Examining this relationship, speaking to friends and family about their closest friendships and reading on the topic, I can see a set of common conditions for friendships to start, grow and stand the test of time:

  1. Shared Interests and Activities

  2. Trust, Reliability and Honesty

  3. Shared Life Experiences

  4. Communication

  5. Acceptance

  6. Positive Influence

  7. Adaptability

And some that can break them down:

  1. Shift in priorities

  2. Geographical separation

  3. Life events (marriage, starting a family, personal hardships)

  4. Values

  5. Interests

  6. Waning tolerance for toxic relationships

  7. Social media (no longer feeling the need to actually physically see each other)

So why am I telling you this?

At More Human, we believe that organizers of events or get-togethers have the power to harness some of these conditions to help people start and grow strong, high-quality friendships and help those who are lonely feel connected with just some minor tweaks and additions to their planned events.

👭 Shared Interests and Activities

This is probably a fairly obvious place to start, and the area with the most amount of opportunity for you to engineer conditions that build friendships. At More Human, we refer to these conditions as ‘Vertical Glue’ and ‘Horizontal Glue’ (terms we borrow unashamedly from community building genius Andy Pakula)

Vertical glue: things in common and shared interests This will be the reason people show up the first time so your event description is incredibly important. Adding in some text about why the event is appealing and describing who it’s for will help people know if it's for them and if people like them will be there. You’re essentially pre-qualifying a group of people as potential friends for each other.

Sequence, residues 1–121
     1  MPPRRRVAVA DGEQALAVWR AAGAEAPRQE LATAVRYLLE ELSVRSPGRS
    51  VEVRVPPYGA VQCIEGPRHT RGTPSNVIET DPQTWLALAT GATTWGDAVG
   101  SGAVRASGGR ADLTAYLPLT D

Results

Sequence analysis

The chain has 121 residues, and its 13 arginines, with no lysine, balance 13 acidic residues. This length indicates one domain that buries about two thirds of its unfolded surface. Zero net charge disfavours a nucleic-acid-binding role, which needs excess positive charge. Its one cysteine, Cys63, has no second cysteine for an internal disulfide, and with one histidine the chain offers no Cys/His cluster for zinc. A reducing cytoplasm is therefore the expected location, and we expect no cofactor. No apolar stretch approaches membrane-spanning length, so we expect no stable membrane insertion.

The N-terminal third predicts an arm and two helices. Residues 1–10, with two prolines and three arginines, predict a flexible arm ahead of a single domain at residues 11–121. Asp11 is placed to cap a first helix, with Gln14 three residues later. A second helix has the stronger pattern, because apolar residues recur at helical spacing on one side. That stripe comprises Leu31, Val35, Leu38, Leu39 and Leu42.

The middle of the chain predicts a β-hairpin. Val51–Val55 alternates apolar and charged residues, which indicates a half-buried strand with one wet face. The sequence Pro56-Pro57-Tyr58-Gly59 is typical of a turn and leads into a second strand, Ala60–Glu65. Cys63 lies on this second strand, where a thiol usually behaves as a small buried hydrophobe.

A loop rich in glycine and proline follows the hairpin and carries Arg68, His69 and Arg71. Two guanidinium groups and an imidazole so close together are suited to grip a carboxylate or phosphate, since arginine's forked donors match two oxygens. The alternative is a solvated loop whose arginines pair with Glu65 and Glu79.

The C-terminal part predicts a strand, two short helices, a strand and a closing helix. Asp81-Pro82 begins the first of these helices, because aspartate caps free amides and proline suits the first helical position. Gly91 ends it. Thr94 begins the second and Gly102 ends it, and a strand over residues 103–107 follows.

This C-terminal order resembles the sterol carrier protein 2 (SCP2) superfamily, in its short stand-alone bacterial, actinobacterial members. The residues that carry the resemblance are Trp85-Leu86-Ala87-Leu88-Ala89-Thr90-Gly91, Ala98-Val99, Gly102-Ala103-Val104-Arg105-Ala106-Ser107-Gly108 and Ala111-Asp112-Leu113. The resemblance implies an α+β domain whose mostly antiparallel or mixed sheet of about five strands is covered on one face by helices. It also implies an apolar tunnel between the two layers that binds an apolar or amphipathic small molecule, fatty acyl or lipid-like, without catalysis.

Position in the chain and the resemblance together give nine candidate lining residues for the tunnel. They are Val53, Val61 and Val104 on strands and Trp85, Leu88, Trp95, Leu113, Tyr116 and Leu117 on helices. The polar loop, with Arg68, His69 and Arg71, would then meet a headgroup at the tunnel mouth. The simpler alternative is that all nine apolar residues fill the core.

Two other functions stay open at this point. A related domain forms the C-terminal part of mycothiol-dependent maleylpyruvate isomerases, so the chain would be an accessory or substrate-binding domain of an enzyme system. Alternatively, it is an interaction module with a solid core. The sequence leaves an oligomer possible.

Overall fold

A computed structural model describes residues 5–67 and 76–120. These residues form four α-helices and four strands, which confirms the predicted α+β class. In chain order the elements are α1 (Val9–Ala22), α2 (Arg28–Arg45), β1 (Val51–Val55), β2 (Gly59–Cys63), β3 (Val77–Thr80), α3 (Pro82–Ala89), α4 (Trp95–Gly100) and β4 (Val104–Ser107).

We build events for our More Human members every day and know all the things to bake into the event description to help people know it’s a good match for them. You can sign up to become a member here.

💬 Communication

Some events just don’t lend themselves naturally to building friendships, for example, a theatre trip or dinner where people are stuck at particular tables. This is where the power of Horizontal Glue needs to come into play.

Horizontal glue: Bonding with other attendees

This is the reason people come back again and again and has a huge social impact beyond your group. We think of it sometimes as a wrapper you can put around activities that could very easily consist of your attendees sitting all facing in the same direction, not talking, and then going home!

So if we take our theatre trip example, organising for your group to meet somewhere unintimidating before heading into the auditorium is a great start. This often won’t be the foyer of the theatre as people will be flooding in and could be a slightly stressful experience trying to find their group. A nearby cafe, open space with benches if the weather’s ok or simply outside the venue will help your attendee's experience start on a calm, controlled way.